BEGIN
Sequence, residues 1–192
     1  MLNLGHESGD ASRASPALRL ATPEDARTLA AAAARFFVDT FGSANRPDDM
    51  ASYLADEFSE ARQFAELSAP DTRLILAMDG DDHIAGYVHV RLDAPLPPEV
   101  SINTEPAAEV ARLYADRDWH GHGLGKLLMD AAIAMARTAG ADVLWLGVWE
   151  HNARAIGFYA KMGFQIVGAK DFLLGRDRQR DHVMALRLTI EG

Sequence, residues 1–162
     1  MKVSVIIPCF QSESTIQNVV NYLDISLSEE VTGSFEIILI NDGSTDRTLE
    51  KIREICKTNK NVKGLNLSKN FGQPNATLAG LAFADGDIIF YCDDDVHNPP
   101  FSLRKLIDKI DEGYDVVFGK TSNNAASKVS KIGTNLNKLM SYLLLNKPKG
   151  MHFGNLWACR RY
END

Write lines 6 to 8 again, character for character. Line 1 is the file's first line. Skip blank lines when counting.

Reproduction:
Sequence, residues 1–162
     1  MKVSVIIPCF QSESTIQNVV NYLDISLSEE VTGSFEIILI NDGSTDRTLE
    51  KIREICKTNK NVKGLNLSKN FGQPNATLAG LAFADGDIIF YCDDDVHNPP